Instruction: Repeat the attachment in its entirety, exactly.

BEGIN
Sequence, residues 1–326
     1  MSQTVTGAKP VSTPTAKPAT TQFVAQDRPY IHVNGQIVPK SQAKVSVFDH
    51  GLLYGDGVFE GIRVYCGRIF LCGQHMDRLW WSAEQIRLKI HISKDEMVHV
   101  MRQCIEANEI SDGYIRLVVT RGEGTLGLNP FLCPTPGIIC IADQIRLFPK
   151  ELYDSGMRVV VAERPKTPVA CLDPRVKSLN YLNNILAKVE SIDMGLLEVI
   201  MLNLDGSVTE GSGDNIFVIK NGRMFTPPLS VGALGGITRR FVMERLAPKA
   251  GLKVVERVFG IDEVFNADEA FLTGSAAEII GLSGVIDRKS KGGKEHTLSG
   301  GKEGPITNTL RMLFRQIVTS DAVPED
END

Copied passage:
Sequence, residues 1–326
     1  MSQTVTGAKP VSTPTAKPAT TQFVAQDRPY IHVNGQIVPK SQAKVSVFDH
    51  GLLYGDGVFE GIRVYCGRIF LCGQHMDRLW WSAEQIRLKI HISKDEMVHV
   101  MRQCIEANEI SDGYIRLVVT RGEGTLGLNP FLCPTPGIIC IADQIRLFPK
   151  ELYDSGMRVV VAERPKTPVA CLDPRVKSLN YLNNILAKVE SIDMGLLEVI
   201  MLNLDGSVTE GSGDNIFVIK NGRMFTPPLS VGALGGITRR FVMERLAPKA
   251  GLKVVERVFG IDEVFNADEA FLTGSAAEII GLSGVIDRKS KGGKEHTLSG
   301  GKEGPITNTL RMLFRQIVTS DAVPED